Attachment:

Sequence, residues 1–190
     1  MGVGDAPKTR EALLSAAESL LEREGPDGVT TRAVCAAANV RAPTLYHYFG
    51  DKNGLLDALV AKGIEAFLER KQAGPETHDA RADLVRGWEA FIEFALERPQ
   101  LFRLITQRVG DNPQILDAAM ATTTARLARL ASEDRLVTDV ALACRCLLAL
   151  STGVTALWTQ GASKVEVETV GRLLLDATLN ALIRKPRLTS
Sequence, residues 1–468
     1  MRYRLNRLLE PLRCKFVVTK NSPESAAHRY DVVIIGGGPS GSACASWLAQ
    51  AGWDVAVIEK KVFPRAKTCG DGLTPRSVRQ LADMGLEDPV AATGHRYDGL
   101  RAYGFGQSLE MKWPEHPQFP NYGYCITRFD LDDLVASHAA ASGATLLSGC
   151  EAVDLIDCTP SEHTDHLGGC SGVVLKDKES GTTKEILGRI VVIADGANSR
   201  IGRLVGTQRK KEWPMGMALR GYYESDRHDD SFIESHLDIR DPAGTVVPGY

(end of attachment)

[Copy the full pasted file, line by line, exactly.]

Sequence, residues 1–190
     1  MGVGDAPKTR EALLSAAESL LEREGPDGVT TRAVCAAANV RAPTLYHYFG
    51  DKNGLLDALV AKGIEAFLER KQAGPETHDA RADLVRGWEA FIEFALERPQ
   101  LFRLITQRVG DNPQILDAAM ATTTARLARL ASEDRLVTDV ALACRCLLAL
   151  STGVTALWTQ GASKVEVETV GRLLLDATLN ALIRKPRLTS
Sequence, residues 1–468
     1  MRYRLNRLLE PLRCKFVVTK NSPESAAHRY DVVIIGGGPS GSACASWLAQ
    51  AGWDVAVIEK KVFPRAKTCG DGLTPRSVRQ LADMGLEDPV AATGHRYDGL
   101  RAYGFGQSLE MKWPEHPQFP NYGYCITRFD LDDLVASHAA ASGATLLSGC
   151  EAVDLIDCTP SEHTDHLGGC SGVVLKDKES GTTKEILGRI VVIADGANSR
   201  IGRLVGTQRK KEWPMGMALR GYYESDRHDD SFIESHLDIR DPAGTVVPGY